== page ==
AlliedSignal also will divest its IMU business located in Cheshire, Connecticut that produces rate-grade mechanical inertial measurement units and components. The Cheshire Business also includes AlliedSignal's Newark, Ohio repair and overhaul business. The divested Cheshire Business will include all relevant tangible and intangible assets used in connection with the business and needed to make it a viable competitor in the rate-grade mechanical IMU marketplace.
AlliedSignal also will divest its MicroSCIRAS Business, which it operates at its Redmond, Washington facility. MicroSCIRAS is a silicon-based MEMS technology. The divested AlliedSignal MicroSCIRAS Business includes the right to use the existing silicon engineering foundry at the Redmond facility; an option to lease the existing Redmond engineering foundry, and/or an option to purchase the equipment currently in or authorized for the foundry, on November 1, 2000 or the date that AlliedSignal's separate silicon production foundry is completed, whichever occurs first. The divested MicroSCIRAS Business will include all relevant tangible and intangible assets used in connection with the business and needed to make it a viable competitor in the MEMS marketplace.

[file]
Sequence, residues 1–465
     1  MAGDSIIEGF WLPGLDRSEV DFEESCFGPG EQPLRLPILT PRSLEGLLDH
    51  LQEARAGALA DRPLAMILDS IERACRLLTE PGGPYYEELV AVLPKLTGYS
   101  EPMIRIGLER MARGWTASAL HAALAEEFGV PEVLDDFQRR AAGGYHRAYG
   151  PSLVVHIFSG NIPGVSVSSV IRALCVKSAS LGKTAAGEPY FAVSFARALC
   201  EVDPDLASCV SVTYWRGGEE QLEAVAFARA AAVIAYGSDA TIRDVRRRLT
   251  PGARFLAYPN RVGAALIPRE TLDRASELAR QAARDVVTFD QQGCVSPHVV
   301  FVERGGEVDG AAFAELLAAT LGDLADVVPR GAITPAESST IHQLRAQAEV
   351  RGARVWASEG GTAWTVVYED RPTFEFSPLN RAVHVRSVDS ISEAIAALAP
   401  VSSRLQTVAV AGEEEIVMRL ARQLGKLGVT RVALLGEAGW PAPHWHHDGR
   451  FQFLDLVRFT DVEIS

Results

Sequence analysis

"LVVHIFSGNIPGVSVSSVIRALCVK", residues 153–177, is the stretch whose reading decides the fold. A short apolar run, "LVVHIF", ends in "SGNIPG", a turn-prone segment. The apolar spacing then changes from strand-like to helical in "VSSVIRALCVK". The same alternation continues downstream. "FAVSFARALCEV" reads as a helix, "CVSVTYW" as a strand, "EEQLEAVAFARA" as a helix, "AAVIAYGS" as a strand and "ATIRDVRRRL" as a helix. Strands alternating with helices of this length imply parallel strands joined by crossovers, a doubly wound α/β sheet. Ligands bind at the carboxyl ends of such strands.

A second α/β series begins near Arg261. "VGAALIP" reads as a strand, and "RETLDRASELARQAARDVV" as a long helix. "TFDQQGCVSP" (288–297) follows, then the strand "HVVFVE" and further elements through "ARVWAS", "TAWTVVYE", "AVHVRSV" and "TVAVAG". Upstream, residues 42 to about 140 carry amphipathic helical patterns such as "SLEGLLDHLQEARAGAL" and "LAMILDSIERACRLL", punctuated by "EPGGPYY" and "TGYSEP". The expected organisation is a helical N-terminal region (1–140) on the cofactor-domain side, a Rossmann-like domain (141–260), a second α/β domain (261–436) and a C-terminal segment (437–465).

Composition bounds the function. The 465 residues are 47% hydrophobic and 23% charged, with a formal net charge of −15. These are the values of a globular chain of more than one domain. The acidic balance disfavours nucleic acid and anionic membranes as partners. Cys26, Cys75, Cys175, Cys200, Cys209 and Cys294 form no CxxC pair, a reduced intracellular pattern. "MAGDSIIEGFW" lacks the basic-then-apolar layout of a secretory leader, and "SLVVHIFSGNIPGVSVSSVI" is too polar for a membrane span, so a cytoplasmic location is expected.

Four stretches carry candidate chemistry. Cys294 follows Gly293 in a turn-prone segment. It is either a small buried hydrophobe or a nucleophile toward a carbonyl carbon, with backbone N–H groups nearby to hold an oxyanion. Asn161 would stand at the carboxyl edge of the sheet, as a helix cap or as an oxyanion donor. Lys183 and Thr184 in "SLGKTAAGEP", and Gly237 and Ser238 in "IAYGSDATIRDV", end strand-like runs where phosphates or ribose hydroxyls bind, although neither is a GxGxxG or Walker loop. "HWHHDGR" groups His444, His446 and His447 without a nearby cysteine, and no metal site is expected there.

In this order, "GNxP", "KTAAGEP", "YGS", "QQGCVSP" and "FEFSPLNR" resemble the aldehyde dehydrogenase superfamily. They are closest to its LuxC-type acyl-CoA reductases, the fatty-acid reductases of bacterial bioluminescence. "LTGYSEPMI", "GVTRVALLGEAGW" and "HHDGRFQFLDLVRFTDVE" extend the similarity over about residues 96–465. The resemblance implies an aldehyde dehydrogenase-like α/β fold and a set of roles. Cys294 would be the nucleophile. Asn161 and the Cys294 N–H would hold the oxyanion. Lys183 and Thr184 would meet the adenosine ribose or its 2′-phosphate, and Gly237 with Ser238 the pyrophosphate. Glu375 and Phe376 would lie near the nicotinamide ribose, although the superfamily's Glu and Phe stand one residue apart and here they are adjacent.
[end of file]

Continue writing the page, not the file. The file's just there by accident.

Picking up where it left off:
If AlliedSignal does not divest its MicroSCIRAS Business as required by the proposed Final Judgment, Honeywell's MEMS Business, which is located in Minneapolis and Plymouth, Minnesota, may be divested. The Honeywell MEMS Business will include all relevant tangible and intangible assets used in connection with the business and needed to make it a viable competitor in the MEMS marketplace.
Finally, AlliedSignal will divest its MSA and MAG Technology Business. IMUs to be produced with the technologies controlled by this business, which AlliedSignal acquired pursuant to two agreements identified in the proposed Final Judgment, potentially compete with the MEMS technology AlliedSignal is ordered to divest.